It’s often said that the British empire runs on tea. As represented here by the pictured national tea pot. The United Kingdom has been the largest per capita tea consumer in the world, with each citizen consuming 2.5kg on average yearly.
The British fascination with tea is probably responsible for its global proliferation beyond the reach of China, where tea was first used.
The Japanese have observed their tea-drinking ceremony with a spiritual reverence since the 9th?century. The traditional ceremony is also called the Way of Tea and involves ceremonial preparation and presentation of powdered green tea.
The Japanese year is even divided into two main seasons by tea practitioners. The sunken hearth season for colder months, traditionally November to April; and the brazier season for warmer months, traditionally May to October. The elaborate ceremony requires a strict set of equipment, including ceramics, clothing and various bamboo utensils.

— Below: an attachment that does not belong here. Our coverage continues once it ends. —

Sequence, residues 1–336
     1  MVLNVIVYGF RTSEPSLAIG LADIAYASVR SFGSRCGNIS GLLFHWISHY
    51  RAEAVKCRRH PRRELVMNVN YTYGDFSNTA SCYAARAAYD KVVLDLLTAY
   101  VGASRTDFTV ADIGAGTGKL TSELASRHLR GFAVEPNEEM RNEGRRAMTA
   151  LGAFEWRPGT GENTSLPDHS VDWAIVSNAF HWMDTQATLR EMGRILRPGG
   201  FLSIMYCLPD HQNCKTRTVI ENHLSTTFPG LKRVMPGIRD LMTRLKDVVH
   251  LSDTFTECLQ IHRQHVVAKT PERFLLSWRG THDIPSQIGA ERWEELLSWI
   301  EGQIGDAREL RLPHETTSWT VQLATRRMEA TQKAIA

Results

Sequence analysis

People in the western Arab world, which stretches through North Africa from Libya to Morocco, enjoy their green tea with mint leaves. It is served not only at meal times but throughout the day, and it is especially a drink of hospitality, commonly served whenever there are guests.
Unlike Maghreb food, which is prepared by women, this tea is traditionally a man’s affair, and is prepared by the head of the family. It is served to guests, and it is impolite to refuse it.
The Boston Tea Party took place on December 16 1773 after American officials defied British colonial tax laws by refusing to return three shiploads of taxed tea to Britain.
A group of British colonists then destroyed the tea by throwing it into Boston Harbour.
Tea was thus inaugurated into the realm of politics, and contributed to sparking the American Revolution, which ended with full independence in 1776.